Wrestlemania Challenge Day 14

We’re two weeks into the Wrestlemania challenge series and just like the pandemic, this chronicle of the showcase of the immortals had it’s ups and downs. With over a month of the shutdown in place, I might have to book Brutus to get a hair cut and ask The Sandman to bring the booze. This year finds the WWF in the middle of the Attitude era with the wild antics of Monday Night Raw drawing record-setting ratings as it traded wins with Nitro during this period. The show opened with a 15-team Battle Royal and in truth it was designed to reintroduce the Legion of Doom with some fresh aspects to their gimmick, including Sunny as their manager and motorcycle helmets added to their traditional spiked shoulder pads. As I mentioned yesterday, the Road Warriors are arguably the greatest tag team of all time, but lost some stream during this period because they were a little older by this point and while their playbook was effective, their somewhat limited in-ring presentation had been seen for almost 15 years. Unfortunately, helmets and Sunny in a skimpy outfit wasn’t enough to recapture the intensity that made LOD such a memorable act. Still, for at least that night, the new look got an incredible reaction from the crowd.

Taka Michinoku vs. Aguila, who would go on to be known as Essa Rios in the years that followed, lacked the usual psychology of WWF matches of the time, but it was a great bout with some stellar high spots. Taka retained the Light Heavyweight championship after a Michinoku driver. Since this is one of the few times that the light heavyweight belt had any major exposure, I wanted to discuss a few things about the company’s attempt to provide some counter programming to WCW’s cruiser weight division. Granted, the majority of the cruiser weights weren’t given the proper credit in terms of their star power or more specifically, their potential to became bigger stars, but at least WCW knew what they had as far as the division that could provide wrestling substance to go along with the sizzle of the NWO angle etc. For example, Bill Goldberg was a big draw in 1998, but if you put him in the ring for any extended period of time, his limited skill set would’ve exposed him as a rather one dimensional performer, which is why his original run was relatively short. When you’re trying to sell a nearly three-hour pay-per-view or maintain a viewing audience, the in-ring work of the cruiser weight division helped set a base for the rest of the program. There’s no doubt that Eric Bischoff missed the boat on making stars from the division that could’ve prevented the company from completely collapsing a few years later, but there was at least a spotlight put on the cruiser weight performers with the addition of Mike Tenay on commentary to explain their background. Plus, the cruiser weight stars were given the title to showcase their skills. On the flip side, the WWF brought in light heavyweights, but didn’t do anything else to showcase them or truly emphasis the style. The result was some stellar matches that got almost zero reaction, simply because the fans weren’t familiar with most of the stars that were booked for the light heavyweight matches.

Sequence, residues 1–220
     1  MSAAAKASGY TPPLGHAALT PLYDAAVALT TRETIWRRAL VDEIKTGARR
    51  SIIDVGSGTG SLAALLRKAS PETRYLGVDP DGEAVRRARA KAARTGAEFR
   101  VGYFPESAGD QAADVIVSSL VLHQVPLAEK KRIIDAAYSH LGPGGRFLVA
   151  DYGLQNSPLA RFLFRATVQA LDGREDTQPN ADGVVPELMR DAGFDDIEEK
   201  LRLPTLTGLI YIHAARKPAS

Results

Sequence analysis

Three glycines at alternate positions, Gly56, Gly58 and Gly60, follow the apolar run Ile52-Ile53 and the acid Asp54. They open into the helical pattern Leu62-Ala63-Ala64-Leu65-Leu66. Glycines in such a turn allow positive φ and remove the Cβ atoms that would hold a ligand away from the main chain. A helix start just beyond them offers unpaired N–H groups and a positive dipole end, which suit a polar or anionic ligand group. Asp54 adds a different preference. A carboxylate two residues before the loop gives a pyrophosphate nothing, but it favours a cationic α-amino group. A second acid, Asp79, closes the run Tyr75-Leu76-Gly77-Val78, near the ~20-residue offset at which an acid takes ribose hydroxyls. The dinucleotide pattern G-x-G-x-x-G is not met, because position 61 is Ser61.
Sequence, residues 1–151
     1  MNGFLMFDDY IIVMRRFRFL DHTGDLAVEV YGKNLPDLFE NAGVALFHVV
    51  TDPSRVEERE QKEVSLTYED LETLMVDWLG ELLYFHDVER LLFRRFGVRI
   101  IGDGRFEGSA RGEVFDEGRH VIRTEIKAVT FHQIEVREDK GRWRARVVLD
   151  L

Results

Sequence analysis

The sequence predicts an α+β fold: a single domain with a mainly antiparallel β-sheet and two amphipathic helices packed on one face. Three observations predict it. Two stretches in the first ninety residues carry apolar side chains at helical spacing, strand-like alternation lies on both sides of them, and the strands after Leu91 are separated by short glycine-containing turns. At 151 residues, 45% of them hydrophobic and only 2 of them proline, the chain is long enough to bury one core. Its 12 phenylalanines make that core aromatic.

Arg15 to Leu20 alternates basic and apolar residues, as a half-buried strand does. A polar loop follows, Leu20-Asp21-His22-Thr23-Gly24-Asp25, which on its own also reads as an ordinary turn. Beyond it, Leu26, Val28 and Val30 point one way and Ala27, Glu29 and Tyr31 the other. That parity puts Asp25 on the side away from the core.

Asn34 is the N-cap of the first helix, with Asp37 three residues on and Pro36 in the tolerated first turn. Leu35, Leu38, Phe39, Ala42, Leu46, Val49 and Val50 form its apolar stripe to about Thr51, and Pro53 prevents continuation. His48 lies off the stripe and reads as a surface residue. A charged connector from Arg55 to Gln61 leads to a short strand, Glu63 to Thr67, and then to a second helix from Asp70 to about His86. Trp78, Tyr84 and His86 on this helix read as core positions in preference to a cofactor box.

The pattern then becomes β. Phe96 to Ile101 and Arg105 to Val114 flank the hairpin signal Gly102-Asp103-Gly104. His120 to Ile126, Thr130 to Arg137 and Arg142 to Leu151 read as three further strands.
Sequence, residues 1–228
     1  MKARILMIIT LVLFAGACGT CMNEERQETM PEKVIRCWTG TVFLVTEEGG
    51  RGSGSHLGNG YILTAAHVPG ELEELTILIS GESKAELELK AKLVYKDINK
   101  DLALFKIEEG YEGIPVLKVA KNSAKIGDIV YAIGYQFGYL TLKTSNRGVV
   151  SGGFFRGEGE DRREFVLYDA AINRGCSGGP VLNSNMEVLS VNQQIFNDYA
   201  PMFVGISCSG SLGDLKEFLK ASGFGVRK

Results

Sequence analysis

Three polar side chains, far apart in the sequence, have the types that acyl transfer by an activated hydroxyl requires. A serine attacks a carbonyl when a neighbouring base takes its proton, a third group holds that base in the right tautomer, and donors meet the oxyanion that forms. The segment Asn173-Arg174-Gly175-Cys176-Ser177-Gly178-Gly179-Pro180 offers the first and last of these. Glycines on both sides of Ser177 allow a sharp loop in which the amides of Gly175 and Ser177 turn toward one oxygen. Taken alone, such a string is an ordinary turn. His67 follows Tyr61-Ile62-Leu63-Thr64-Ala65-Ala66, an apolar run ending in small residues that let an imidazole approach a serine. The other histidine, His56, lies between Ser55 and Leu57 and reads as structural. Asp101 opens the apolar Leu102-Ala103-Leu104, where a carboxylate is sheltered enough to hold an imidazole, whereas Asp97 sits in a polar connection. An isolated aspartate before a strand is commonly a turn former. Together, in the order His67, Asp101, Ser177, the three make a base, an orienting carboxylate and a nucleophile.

Triple H defended the European title against Owen Hart in a match that saw Chyna handcuffed to Sgt. Slaughter to prevent her from interfering in the contest. The finish saw Chyna throw powder in Slaughter’s eye and hit Owen with a low blow to set up the pedigree from Triple H. This was a solid match that was more proof that management could’ve done more with Owen, especially in the aftermath of the Montreal incident. While there was a brief angle of Owen attacking Shawn Michaels, he was more or less kept on the mid-card with this feud with Triple H instead at the time. A storyline where Owen went after Shawn’s title as revenge for Bret could’ve drawn money.